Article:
Feminists’ March To The Day We All Are Treated Equally By The Law And The Society

Feminists’ March To The Day We All Are Treated Equally By The Law And The Society

If we study the history of woman and her contributions to the human society, we will realise that the role of woman in the evolution of society has been far bigger than that of the man. But this struggle has largely been ignored. However, the struggle and movements of women for their basic rights in the west have encouraged the women around the world to stand up for their rights and equality.

 

As a German feminist put it: The history and books of history are wrong about me and they have conveyed a wrong image of woman because this image in the books of history has been portrayed by men and there is no space for women in this framework of history.

 

 

The exploitation of women goes back to the era when there was no concept of society and agriculture and people used to move from place to place for their survival. At that time, whenever two or more tribes developed a conflict with each other over some issue they would resolve it by exchanging women with each other.

 

If we study the era of Mughal dynasty, we come across some stunning facts about the exploitation of women.

 

For example, Zaheeruddin Babur was in Samarqand and his arch rival Shebaani Khan had deployed his army around the city so that Babur couldn’t find a way out. When Babur realised that there was no way out, he handed his sister Khanzada Begum over to Shebaani Khan and escaped from Samarqand.

 

Rajput clans in India had the tradition that their women would burn themselves alive when their husbands lost the war, in order to save their ‘honour’.

 

History has seen women like Razia Sultana and Chand BiBi in India, “Elizabeth” in England, and Teresa in Austria who played a very important role in the histories of their respective countries but they were always criticised by their contemporaries who held them responsible for all the flaws in the political system.

 

Pakistani historian Mubarak Ali says, “It was woman who put this animal in the shape of man on the right track”.

 

When the church was extremely powerful in Europe and had control over all the administrative activities of the state, the status of woman was completely subservient.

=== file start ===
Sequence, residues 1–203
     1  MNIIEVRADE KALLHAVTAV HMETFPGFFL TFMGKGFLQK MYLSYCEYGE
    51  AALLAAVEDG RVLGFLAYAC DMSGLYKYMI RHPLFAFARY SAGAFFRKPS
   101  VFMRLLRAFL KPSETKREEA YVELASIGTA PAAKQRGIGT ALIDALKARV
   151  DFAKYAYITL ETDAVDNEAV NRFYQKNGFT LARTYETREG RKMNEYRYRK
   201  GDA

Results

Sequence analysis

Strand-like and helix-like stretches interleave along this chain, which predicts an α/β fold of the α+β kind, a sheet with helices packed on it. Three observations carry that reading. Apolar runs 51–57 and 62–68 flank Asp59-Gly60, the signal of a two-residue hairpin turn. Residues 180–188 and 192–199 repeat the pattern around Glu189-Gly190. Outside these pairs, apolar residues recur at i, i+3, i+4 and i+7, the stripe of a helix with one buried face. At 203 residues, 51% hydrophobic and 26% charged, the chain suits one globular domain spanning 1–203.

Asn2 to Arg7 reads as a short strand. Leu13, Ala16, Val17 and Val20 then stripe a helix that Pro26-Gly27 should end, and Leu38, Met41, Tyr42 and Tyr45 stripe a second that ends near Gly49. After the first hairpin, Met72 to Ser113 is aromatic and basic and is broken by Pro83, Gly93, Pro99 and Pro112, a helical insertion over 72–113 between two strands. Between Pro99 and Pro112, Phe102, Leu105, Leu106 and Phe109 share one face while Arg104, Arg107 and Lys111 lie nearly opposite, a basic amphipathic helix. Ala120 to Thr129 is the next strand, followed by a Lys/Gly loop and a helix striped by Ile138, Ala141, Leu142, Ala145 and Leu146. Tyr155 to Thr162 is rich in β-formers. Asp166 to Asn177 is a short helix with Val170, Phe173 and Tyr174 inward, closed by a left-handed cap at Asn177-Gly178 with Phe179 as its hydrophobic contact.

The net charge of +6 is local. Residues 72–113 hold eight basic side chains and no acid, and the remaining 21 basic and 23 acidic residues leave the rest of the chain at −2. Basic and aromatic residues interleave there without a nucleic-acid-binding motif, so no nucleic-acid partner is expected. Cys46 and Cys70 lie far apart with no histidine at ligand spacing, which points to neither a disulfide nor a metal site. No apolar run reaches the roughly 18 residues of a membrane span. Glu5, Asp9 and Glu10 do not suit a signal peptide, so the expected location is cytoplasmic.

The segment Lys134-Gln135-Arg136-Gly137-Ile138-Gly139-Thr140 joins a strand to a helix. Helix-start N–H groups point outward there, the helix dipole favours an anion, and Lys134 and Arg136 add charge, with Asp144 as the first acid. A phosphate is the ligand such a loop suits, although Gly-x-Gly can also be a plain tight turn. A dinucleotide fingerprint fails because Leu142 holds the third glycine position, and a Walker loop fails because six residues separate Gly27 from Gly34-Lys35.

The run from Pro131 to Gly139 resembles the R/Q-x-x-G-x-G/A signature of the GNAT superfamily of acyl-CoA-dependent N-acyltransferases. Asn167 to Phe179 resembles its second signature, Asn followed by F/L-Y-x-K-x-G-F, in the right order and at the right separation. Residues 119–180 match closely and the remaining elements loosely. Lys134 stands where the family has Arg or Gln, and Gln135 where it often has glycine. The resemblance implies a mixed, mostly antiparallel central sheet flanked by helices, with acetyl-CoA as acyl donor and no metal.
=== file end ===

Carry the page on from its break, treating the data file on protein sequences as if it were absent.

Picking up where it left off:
According to a Bishop “woman should serve the man silently and she does not need to read or write, the main duty of woman is to produce more and more children”. St. Paul, the spiritual leader of Christianity, had advised women not to speak among men and always keep their heads and faces covered. History reveals that no other institution has exploited the woman more than the church.

Like all the other religions and communities, the woman in Muslim community was also never allowed to get education, equal rights and take part in the mainstream politics. Woman was forced for early age marriage, which is not only her exploitation but also a sin, even according to Islam.

 

But the things are changing now with urbanization expanding and women demanding their due rights.

 

In early 1960s Feminism took root in the US and under this movement women stood up for equal rights in society. This was the movement which gave women the courage to speak for their rights. Beside many other demands, this movement asked the governments around the world to provide voting rights to women and equal chances in every field of life.

 

 

As these movements grew in momentum, in 1975 UN announced 8 March to be celebrated every year as International Women’s Day.

 

Like any other country, the women of Pakistan have struggled a lot demanding equal rights. Feminism in Pakistan took root during Zia era when in 1981 women for the first time in the history of Pakistan launched protests against the anti-women Zia regime.

 

We have come a long way since the anti-Zia protests and women are coming forward now in all walks of life. The impact of this movement can be seen in the progressive policymaking as well as legislation enacted through the years, specifically in Sindh where “Child Marriage Restrain Act” was passed in 2014, increasing the minimum age for marriage to 18 years. “Protection against Harassment of Women at Workplace Act” was passed in Sindh and Blochistan in 2010. Punjab assembly passed the “Protection of Women against Violence Act” in 2016.

 

Despite these legislations, the number of acid attacks and honor killings has increased over the years. There are huge loopholes still in the law as well in the implementation of the law and unless all the forms of misogyny are rooted out, and until all the women, men and transgender people can enjoy compete equality before law, this struggle for equal rights will continue.

 

Author: Ali Mansoor

source: Naya Daur

About SAWM Team

South Asian Women in Media (SAWM) is a network of women media professionals in South Asia. SAWM works for freedom of press, increased participation of women in the media, a gender-sensitive work environment and a gender-equal outlook in the media. Launched in April 2008, SAWM’s central secretariat is in Lahore, Pakistan and the association has country chapters in eight members of SAARC. SAWM helps women working in media to network across borders, and with international rights organizations, to assert their rights and defend their interests.